As a venue it is perfect for this course, offering as it does a whole world away from everyday life. The place has an overwhelming sense of peace. The sound of water is never far away, with the river forming a boundary to the gardens and several pools and water features.
Although I didn’t take a proper camera, I found myself drawn to practise mindful photography in the time I had free around the sessions. The setting encourages peaceful reflection and there is a sense of timelessness. Although it was a busy weekend, I seem to have absorbed some of that slowing-down energy and feel less inclined to bustle around daily life now I am back. I hope the spell lasts a while longer!
This is the month when seabirds flock to the coast to breed. I have made a few trips now to visit them and just adore the puffins. I could watch them all day! Photographing them can be a challenge in some locations, when their nests are situated under the overhang of a cliff, and in others you are almost tripping over them. Either way, time spent with them is mesmerising.
Sadly, many seabirds are under threat, not necessarily because of the loss of breeding habitat, but because of lack of food. Puffins are needing to fly further and further to find food, and are returning with less of it. This leads to greater chick mortality, even in a good year.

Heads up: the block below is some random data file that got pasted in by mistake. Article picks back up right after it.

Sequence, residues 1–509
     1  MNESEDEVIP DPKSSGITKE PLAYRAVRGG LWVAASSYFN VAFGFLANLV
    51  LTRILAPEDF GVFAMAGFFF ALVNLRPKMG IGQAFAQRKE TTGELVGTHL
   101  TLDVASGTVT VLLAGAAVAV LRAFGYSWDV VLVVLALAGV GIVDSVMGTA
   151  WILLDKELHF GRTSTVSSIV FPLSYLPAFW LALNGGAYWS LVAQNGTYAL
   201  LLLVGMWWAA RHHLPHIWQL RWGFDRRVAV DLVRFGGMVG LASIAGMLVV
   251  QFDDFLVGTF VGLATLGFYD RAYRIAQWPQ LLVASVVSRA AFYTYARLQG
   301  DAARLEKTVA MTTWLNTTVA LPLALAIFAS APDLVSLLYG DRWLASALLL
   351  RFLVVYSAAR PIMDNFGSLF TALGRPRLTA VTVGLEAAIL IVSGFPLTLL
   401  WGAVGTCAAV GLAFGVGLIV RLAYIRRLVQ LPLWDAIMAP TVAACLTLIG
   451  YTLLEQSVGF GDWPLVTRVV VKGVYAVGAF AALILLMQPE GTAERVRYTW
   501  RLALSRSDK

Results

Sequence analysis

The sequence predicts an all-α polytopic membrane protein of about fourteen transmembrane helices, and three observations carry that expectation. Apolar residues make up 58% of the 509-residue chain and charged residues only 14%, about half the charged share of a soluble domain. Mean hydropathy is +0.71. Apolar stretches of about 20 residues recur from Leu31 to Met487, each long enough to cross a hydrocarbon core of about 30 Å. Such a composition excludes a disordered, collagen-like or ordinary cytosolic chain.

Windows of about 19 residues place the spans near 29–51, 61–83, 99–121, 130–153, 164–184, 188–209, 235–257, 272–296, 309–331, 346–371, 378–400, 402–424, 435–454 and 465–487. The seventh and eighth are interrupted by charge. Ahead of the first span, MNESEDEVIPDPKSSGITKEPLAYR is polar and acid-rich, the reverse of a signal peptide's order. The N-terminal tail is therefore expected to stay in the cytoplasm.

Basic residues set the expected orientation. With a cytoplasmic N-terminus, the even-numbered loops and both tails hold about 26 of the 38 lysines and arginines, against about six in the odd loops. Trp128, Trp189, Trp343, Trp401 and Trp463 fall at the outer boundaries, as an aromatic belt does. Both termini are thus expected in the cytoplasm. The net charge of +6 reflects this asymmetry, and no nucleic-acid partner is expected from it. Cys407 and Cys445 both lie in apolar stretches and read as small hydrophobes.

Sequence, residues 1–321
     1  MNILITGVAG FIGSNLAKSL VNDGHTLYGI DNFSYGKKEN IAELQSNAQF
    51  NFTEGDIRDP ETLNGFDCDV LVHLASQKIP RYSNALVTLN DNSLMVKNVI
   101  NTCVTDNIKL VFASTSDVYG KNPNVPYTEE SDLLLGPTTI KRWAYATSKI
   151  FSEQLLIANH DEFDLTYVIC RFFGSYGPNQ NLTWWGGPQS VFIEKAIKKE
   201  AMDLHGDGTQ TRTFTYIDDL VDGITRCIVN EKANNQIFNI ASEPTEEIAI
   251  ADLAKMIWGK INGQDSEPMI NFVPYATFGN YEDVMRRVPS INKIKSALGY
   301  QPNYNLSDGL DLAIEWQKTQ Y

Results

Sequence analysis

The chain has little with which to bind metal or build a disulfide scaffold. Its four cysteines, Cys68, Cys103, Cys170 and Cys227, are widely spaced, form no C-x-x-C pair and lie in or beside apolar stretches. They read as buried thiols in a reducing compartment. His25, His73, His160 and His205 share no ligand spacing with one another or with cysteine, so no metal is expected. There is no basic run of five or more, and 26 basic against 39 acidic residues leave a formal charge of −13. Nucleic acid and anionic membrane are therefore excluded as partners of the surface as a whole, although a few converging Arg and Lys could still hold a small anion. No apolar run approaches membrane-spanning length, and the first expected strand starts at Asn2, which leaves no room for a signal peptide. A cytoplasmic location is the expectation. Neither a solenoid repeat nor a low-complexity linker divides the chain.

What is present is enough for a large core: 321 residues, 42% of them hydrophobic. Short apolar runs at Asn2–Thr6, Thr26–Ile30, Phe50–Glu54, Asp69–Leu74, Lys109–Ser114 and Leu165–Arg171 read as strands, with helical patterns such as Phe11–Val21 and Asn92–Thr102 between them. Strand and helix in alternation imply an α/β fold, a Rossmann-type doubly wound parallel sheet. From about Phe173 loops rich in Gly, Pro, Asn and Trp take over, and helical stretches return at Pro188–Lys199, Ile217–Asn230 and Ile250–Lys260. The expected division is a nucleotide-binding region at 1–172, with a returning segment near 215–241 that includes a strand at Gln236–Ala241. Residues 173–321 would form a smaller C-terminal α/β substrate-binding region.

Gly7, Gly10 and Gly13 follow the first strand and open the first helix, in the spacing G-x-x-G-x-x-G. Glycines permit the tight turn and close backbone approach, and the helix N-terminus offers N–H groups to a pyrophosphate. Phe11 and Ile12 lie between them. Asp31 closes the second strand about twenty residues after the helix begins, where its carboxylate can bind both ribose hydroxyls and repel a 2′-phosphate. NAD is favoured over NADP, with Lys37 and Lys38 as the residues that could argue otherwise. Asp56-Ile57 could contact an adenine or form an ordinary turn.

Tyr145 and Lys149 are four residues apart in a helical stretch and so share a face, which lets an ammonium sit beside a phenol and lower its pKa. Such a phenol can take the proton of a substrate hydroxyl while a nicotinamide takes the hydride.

Sometimes the ways in which we impact the environment and not immediately obvious, but the net of interference spreads wider each year. Sometimes it seems as if we cannot fight the inevitable, but every little bit helps. If you would like to do something positive today, please consider adopting a puffin with the RSPB – click here to help them today!
Once the weather warms up spring seems to arrive with a sudden burst of energy. From the snowdrops and daffodils to hellebores and crocuses, the garden is suddenly changing on almost a daily basis. The arrival of the cherry blossom signals to me that we have moved on from these tentative beginnings, still at risk from snow and hail. The explosion of cheery pink and white powder puffs of blossom tells me that spring is well underway and herald the arrival of the warmer weather. I think spring is my favourite season; so full of promise and expectation, optimistic for the year ahead. It’s hard not to be cheerful in the spring as the new year begins to unfold in earnest.